The Mustang – one of America's most intimate cars – is about to embark on a new chapter. After years of secrecy, Ford unveils the Mustang Mach-E, an all-electric electric vehicle inspired by key elements of a classic car.
The grand revelation happens on Sunday in Los Angeles, days before the annual auto show there.
The classic Detroit-based marketing strategy has made fans of the iconic car search the Internet for clues about how it will look and drive. And on Thursday night, they hit their mother's mother. Or at least they could hit him.
For a short window, one of Ford publishes an SUV booking website, complete with photos, specifications and prices. But the site was quickly taken down and Ford did not confirm any of the details it contained, which seemed to ignite the flames for impatient fans from above.
Among them is Gary Hankins, who said he has been trying to piece together bits of information about the car over the past two years – a delightful feat, considering he doesn't even know the car's name until this week.
All Ford officially says the SUV will be on the market in late 2020 – part of the company's $ 11 billion investment in electric cars. The carmaker also says the SUV's estimated range will be a whopping 300 miles in a single charge.
That was enough to make Hankins, a retired DC cop, "go absolutely gaga", according to his friends. For Hkins, the fact that he will look a bit like Mustang is "really a cherry on the cake."
Finally, owning a car with a Mustang attached would be the fulfillment of a teenage dream.
"I was in high school in the '60s when the Mustangs came out," he recalled wisely. "I would love to have a Mustang. [I] couldn't afford it. "
More than five decades later, Hankins is worried that he has a lot more money in the bank. "Here I am, now 71, finally getting my Mustang," he said.
Hankins messes up to get a pre-order list for pony car with pony that Ford says he will
The only official look at this what the SUV will look like is an unclear flying blue drawing on the Ford website. But Thursday's photos, taken with other eagle-eyed enthusiasts, showed last week that it was a fairly compact and sporty version of the SUV.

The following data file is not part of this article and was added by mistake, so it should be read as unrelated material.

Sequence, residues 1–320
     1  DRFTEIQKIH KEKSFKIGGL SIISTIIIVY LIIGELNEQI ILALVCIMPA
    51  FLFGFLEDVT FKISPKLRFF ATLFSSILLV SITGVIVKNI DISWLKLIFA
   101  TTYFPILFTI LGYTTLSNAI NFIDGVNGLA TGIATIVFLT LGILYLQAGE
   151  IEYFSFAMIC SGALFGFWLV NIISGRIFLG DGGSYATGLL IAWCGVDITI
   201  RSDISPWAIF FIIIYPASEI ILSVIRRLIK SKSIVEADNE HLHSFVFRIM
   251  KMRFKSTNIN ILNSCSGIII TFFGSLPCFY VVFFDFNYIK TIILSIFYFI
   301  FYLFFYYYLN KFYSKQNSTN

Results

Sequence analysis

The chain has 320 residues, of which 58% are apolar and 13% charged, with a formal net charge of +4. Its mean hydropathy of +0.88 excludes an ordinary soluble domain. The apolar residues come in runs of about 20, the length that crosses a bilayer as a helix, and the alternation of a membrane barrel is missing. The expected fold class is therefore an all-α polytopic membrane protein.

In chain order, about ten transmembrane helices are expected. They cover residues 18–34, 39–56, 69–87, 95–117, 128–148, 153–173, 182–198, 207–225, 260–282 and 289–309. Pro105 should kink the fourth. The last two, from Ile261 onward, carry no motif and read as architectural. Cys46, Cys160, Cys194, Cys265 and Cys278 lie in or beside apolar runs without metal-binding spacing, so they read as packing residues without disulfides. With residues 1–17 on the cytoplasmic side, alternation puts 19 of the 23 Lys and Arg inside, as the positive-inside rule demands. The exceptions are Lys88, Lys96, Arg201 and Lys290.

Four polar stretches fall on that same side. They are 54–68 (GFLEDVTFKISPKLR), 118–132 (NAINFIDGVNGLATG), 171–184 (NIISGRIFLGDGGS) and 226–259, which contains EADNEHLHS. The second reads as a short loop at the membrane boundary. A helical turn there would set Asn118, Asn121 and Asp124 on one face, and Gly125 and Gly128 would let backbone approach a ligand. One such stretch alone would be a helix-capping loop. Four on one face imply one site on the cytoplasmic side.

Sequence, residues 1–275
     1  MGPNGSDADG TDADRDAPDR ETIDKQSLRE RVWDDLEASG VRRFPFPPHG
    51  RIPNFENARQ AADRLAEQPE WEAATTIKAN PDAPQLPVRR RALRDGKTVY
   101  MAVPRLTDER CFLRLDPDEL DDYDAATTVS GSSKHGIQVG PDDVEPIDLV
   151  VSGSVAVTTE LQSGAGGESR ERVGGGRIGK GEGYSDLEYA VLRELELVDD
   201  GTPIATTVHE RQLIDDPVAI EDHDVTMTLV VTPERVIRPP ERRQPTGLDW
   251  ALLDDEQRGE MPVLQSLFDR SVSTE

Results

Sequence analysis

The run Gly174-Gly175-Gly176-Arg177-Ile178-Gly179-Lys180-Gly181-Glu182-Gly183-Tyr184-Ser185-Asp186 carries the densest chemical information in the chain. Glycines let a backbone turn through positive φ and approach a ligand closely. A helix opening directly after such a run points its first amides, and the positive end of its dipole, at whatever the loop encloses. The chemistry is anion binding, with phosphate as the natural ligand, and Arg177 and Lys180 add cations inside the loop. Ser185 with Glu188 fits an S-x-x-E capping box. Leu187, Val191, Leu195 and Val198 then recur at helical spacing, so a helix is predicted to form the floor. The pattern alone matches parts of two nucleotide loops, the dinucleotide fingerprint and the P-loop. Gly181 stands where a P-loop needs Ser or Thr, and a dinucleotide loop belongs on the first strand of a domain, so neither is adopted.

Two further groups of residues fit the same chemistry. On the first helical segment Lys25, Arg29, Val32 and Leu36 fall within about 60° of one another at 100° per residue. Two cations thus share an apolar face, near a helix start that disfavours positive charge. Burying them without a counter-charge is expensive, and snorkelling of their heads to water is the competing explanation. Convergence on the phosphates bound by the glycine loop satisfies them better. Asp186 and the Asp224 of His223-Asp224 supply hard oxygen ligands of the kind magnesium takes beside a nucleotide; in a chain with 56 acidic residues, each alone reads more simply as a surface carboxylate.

Car designer Camilo Pardo is skeptical about attaching the Mustang name to an SUV. "If an SUV can talk, the first thing he would say is, I want to be a Mustang," he said and laughed.
Pardo, the former head of Ford's Living Legends Studio and Ford's chief GT designer, says hardcore Mustang fans should manage expectations when it comes to any family crossover. But he suspects the newly created version will have three main emblematic elements.
First, there has to be a big grill that "should look
" As if they will get you, "he said.
Secondly, he said, the headlights must have the trademark" frown "shape, which it gives her the "personality of an angry animal."  Finally, there must be undoubted taillights. Pardew said experimenting with them has always been fun for designers. The challenge is to think of how to modernize the three small bars with which
Based on the sales results of most electric cars, it is unlikely that this Ford model will prove as popular as the original 1964. This was one of the most successful product launches in American history.
Gayle Weiss remembers the insanity surrounding the campaign, which, like today, was shrouded in mystery. "Ford had not shown the car on television. They only advertised the logo," she recalled.
Wise is widely recognized as the first person in the US to buy a car. She was 22 and wanted a convertible.
He walked Weise and her parents, passing all the cars on the floor, saying that there was something special to show her.
"And in the back room, under the tarpaulin, was a light blue Mustang, and I was like, wow, that's for me," she said.
Jeff Kowalski / AFP via Getty Images
It was April 15, 1964, two days before the car debuted at the New York World's Fair. The seller should not have sold it. But he did. It cost $ 3,447.50.
Fifty-five years later, Wise still has the sky-blue beauty. (Her husband, Tom, completely rebuilt the car as a retirement project.)
Weise says she knows she's biased, but wonders if being inspired by the Mustangs will be enough to make Ford's new venture an icon.